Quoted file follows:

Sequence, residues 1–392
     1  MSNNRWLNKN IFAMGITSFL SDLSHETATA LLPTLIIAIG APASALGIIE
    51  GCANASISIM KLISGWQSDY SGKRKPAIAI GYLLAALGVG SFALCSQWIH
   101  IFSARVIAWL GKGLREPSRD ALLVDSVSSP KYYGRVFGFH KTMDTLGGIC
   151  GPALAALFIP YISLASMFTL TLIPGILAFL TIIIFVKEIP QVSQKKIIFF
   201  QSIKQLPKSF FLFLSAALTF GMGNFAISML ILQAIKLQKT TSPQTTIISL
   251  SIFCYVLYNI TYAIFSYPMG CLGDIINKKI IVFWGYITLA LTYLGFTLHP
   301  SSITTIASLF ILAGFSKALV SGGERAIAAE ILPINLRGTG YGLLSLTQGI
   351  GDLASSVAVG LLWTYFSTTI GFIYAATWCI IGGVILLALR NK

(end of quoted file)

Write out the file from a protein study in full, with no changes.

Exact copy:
Sequence, residues 1–392
     1  MSNNRWLNKN IFAMGITSFL SDLSHETATA LLPTLIIAIG APASALGIIE
    51  GCANASISIM KLISGWQSDY SGKRKPAIAI GYLLAALGVG SFALCSQWIH
   101  IFSARVIAWL GKGLREPSRD ALLVDSVSSP KYYGRVFGFH KTMDTLGGIC
   151  GPALAALFIP YISLASMFTL TLIPGILAFL TIIIFVKEIP QVSQKKIIFF
   201  QSIKQLPKSF FLFLSAALTF GMGNFAISML ILQAIKLQKT TSPQTTIISL
   251  SIFCYVLYNI TYAIFSYPMG CLGDIINKKI IVFWGYITLA LTYLGFTLHP
   301  SSITTIASLF ILAGFSKALV SGGERAIAAE ILPINLRGTG YGLLSLTQGI
   351  GDLASSVAVG LLWTYFSTTI GFIYAATWCI IGGVILLALR NK